Tommi S. Jaakkola, Ph.D.
Thomas Siebel Professor of Electrical Engineering and Computer Science and the Institute for Data, Systems, and Society
MIT Computer Science and Artificial Intelligence Laboratory
Stata Center, Bldg 32-G470
Cambridge, MA 02139
tommi at csail dot mit dot edu[home] [papers] [research] [people] [courses]
Machine learning methods are commonly used across engineering and sciences, from computer systems to physics. Commercial sites such as search engines, recommender systems, advertisers, and financial institutions employ machine learning algorithms for content recommendation, modeling customer behavior, compliance, or risk. As a discipline, machine learning tries to design and understand computer programs that learn from experience for the purpose of prediction or control. In this course, you will learn about principles and algorithms for turning data into effective automated predictions. We will cover concepts such as representation, over-fitting, regularization, and generalization; topics such as clustering, classification, and probabilistic modeling; and methods such as on-line algorithms, support vector machines, hidden Markov models, and Bayesian networks.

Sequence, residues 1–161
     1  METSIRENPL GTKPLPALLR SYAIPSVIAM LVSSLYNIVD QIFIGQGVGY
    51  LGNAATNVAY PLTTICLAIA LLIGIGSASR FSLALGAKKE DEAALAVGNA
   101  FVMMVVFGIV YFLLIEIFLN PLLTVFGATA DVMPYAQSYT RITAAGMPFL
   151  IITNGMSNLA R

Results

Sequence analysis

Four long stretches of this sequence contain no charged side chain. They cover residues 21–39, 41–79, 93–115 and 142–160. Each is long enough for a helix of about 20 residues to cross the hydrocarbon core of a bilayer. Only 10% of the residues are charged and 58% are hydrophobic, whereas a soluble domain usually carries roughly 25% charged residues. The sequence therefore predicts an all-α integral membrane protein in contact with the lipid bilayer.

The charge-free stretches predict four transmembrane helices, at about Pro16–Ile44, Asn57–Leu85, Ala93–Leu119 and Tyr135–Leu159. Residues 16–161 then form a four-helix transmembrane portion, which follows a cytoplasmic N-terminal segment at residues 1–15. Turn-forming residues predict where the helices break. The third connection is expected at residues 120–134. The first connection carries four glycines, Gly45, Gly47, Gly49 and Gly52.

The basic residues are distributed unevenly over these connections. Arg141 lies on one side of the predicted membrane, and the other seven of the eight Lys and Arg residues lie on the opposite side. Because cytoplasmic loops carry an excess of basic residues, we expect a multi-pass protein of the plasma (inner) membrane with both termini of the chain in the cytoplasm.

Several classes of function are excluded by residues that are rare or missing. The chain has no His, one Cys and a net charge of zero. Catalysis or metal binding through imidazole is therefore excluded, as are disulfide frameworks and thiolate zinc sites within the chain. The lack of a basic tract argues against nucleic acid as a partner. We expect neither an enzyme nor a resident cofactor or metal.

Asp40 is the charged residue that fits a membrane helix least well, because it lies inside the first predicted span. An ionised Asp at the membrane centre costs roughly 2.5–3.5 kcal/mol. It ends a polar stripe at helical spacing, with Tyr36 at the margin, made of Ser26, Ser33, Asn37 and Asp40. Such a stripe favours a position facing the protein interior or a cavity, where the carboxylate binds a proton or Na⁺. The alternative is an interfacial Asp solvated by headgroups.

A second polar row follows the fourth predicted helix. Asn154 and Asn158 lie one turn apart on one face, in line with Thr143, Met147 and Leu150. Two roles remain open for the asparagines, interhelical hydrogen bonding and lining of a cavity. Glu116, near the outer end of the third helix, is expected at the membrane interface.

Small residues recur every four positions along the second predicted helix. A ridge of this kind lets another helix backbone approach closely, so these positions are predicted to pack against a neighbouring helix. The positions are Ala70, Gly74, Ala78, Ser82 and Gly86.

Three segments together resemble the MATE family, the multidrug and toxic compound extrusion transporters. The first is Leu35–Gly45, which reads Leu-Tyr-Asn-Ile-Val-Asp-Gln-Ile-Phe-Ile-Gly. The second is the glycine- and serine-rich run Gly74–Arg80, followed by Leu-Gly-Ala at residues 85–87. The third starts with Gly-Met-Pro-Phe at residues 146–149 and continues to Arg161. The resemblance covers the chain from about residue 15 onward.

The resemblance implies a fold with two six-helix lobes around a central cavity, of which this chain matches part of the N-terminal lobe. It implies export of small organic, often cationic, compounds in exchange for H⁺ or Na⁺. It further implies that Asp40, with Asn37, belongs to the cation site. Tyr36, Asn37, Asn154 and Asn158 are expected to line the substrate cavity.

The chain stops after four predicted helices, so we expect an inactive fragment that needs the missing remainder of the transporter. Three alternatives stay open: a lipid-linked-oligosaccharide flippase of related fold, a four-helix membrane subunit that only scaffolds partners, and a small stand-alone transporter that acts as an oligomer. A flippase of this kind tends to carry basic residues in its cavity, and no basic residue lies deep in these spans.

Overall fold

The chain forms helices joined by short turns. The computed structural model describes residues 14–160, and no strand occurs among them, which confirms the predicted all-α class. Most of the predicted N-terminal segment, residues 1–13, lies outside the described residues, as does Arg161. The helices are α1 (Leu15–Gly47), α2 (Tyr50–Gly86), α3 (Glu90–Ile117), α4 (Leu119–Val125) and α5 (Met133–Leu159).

The need to study human languages from a computational perspective has never been greater. Much of the vast amounts of information available today is in a textual form, requiring us to develop automated tools to search, extract, translate, and summarize the data. This course on natural language processing (NLP) focuses exactly on such problems, covering syntactic, semantic and discourse processing models, and their applications to information extraction, machine translation, and text summarization. As a new feature this year, the course will emphasize deep learning techniques for NLP, introducing them in parallel and comparatively with more traditional approaches to NLP.
The graduate subject covers principles, techniques, and algorithms in machine learning from the point of view of statistical inference, emphasizing methods that are broadly useful across engineering and sciences. Topics include representation, generalization, and model selection; and methods such as linear/additive models, active learning, boosting, support vector machines, non-parametric Bayesian methods, and graphical models.